Jules Dupré (1811–1889)
“Bank of the Somme (Picardy)” (aka “Bords de la Somme [Picardie]”), 1836, published in “L’Artiste” in Paris (1836, series 1, vol. XII, p. 120), printed by Benard et Frey.
Lithograph on wove paper, signed with the artist’s initials on the plate, trimmed with small margins around the image borderline and retaining the lettered title and publication details, backed on a support sheet.
Size: (support sheet) 27.7 x 34.3 cm; (sheet) 17 x 23.5 cm; (image borderline) 13.7 x 21.3 cm
Inscribed on plate within the image borderline: (lower left corner) “J.D”
Lettered on plate above the image borderline: (centre) “L’ARTISTE”
Lettered on plate below the image borderline: (left) “Jules Dupré”; (centre) “Bords de la Somme, / (Picardie)”; (right) “Lith. de Benard et Frey.”
State i (of ii) before the change of the publication to, “Souvenirs d’artistes”, printed above the image borderline at left, and the addition of, “Jules Dupré del., et lith., Imp. Bertauts, Paris.", below the borderline at right.
Melot 1981 Du 6.1 (Michel Melot 1981, “Graphic Art of the Pre-Impressionists”, New York, Abrams, p. 285); Delteil 1906 no. 6, State i/ii (Loys Delteil 1906–1926, “Le peintre-graveur illustre.” 31 vols. Paris); Hédiard 1903 6 (Germain Hédiard n.d. “Les Maȉtres de la Lithographie”).; Aubrun 1974 7 (Marie-Madeleine Aubrun 1974, “Jules Dupré, 1811–1889, catalogue raisonné de l’oeuvre peint, dessiné et grave”, Paris, L Laget)
An excellent description of this print is offered by “Art of the Print”:
See the brief description of this print at the National Gallery of Art, Washington: https://www.nga.gov/collection/art-object-page.58109.html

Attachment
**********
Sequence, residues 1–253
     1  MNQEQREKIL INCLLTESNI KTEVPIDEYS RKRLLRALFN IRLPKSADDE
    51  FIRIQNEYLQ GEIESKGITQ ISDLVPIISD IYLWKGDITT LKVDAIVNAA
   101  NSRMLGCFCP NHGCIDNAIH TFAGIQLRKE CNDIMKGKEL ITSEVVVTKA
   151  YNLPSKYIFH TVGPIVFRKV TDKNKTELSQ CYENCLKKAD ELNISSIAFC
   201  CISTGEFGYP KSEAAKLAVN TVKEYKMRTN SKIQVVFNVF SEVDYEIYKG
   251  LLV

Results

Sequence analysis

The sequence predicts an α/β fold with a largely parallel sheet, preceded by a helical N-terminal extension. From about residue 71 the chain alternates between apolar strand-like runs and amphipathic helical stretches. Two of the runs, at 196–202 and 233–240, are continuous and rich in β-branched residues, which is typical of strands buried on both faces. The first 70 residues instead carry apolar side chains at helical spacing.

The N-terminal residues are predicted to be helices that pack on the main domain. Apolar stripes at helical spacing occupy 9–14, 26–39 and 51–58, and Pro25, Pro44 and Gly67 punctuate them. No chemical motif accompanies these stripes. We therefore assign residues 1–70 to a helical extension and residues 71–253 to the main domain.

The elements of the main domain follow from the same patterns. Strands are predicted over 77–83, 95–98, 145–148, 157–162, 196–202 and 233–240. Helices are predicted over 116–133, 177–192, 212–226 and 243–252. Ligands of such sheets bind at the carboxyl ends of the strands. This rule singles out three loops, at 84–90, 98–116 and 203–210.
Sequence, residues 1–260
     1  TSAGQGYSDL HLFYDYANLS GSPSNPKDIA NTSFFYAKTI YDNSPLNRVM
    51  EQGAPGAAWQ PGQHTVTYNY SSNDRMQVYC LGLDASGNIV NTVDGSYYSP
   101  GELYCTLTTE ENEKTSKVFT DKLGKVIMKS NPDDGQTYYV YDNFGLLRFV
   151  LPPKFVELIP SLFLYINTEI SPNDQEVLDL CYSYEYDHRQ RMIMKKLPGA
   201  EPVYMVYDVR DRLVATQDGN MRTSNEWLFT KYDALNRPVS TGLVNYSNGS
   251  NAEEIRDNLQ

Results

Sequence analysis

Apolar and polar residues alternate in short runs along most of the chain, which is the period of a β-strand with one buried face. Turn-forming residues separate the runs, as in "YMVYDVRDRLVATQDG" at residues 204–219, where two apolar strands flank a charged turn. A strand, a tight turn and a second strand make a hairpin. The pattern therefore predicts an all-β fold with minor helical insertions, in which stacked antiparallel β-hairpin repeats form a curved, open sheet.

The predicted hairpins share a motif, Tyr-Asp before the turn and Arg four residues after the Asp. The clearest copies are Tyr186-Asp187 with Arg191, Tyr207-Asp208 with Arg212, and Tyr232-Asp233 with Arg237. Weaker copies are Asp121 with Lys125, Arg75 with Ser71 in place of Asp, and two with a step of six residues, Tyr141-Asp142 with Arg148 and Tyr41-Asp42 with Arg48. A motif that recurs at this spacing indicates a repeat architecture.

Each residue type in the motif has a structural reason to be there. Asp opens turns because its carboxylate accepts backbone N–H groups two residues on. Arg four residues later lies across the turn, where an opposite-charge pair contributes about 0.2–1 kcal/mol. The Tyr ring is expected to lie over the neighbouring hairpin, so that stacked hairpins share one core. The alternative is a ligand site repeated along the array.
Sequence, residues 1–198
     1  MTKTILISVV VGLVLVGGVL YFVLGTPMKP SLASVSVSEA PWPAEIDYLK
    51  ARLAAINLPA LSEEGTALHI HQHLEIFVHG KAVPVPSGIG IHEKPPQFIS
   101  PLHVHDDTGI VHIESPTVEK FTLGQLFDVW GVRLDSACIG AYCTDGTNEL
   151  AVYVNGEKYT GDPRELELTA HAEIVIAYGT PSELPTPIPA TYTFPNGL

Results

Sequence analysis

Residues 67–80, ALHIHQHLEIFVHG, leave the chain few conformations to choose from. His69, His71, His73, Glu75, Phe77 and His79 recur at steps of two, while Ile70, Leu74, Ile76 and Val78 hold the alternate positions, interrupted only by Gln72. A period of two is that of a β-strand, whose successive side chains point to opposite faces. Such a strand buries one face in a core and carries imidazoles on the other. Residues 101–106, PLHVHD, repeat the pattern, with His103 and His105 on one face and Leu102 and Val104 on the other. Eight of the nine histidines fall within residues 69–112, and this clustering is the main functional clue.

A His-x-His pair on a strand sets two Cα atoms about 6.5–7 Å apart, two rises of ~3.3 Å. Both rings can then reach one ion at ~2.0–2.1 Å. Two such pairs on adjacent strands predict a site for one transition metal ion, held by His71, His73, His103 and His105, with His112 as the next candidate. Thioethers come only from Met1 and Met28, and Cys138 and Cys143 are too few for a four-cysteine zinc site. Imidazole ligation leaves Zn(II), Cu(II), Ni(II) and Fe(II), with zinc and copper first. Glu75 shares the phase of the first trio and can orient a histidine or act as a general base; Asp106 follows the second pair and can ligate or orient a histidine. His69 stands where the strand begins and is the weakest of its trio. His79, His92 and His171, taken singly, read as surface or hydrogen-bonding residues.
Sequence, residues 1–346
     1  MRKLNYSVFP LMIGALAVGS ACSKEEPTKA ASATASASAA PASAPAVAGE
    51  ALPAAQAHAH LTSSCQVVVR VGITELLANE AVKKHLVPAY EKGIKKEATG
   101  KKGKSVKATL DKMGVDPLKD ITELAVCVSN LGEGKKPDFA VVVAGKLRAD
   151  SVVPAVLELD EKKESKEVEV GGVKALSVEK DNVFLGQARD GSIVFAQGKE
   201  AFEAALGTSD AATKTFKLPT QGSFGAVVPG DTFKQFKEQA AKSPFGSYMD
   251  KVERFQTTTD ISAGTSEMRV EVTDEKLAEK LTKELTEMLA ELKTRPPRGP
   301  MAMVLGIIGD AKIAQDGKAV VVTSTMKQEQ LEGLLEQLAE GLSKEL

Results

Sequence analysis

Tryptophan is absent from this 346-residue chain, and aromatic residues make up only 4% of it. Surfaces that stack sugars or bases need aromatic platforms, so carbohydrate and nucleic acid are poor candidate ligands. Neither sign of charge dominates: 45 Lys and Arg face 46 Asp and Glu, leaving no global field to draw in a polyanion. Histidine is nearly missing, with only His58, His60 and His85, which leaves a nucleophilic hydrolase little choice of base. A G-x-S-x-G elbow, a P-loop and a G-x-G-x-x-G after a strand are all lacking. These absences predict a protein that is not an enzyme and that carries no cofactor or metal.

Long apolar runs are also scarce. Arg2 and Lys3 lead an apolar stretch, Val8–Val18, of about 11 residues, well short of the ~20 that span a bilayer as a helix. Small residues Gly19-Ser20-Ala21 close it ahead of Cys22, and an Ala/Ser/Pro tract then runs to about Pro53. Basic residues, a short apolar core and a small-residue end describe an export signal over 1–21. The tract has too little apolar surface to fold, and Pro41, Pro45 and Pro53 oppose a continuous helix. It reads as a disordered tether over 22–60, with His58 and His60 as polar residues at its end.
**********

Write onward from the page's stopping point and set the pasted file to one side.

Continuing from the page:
Condition: faultless impression in excellent condition (i.e. there are no tears, holes, folds, abrasions, stains or foxing). The sheet is trimmed with small margins around the text and image borderline and is backed with a support sheet of archival (millennium quality) washi paper.
I am selling this first state, rare lithograph—mindful that Dupre executed only ten litho plates in total—for AU$169 (currently US$124.41/EUR107.15/GBP95.62 at the time of posting this listing) including postage and handling to anywhere in the world (but not, of course, any import duties/taxes imposed by some countries).
If you are interested in purchasing this masterpiece of 19th century romanticism—a poetic vision of landscape with clear links to Constable—please contact me (email@example.com) and I will send you a PayPal invoice to make the payment easy.
This print has been sold
When I look at this deeply poetic landscape by Dupré, I am reminded of Constable’s images of landscape that are full of light and air. Certainly, Dupré’s trees have room for the birds to fly through like Constable’s trees, but I also see the way that light seems to flicker in the foliage of Dupré’s trees in a similar way to Constable’s touches of white designed to replicate the glistening effect of water droplets on leaves.
There are, of course, significant differences of mindset separating Dupré’s and Constable’s visions of landscape. Dupré’s landscapes were more mindscapes—concoctions evolved from thinking and conceptualised experiences. By contrast, Constable’s landscapes were rooted in sensory personal experiences of working outdoors with an interest in keeping the spirit of the experienced moment alive.
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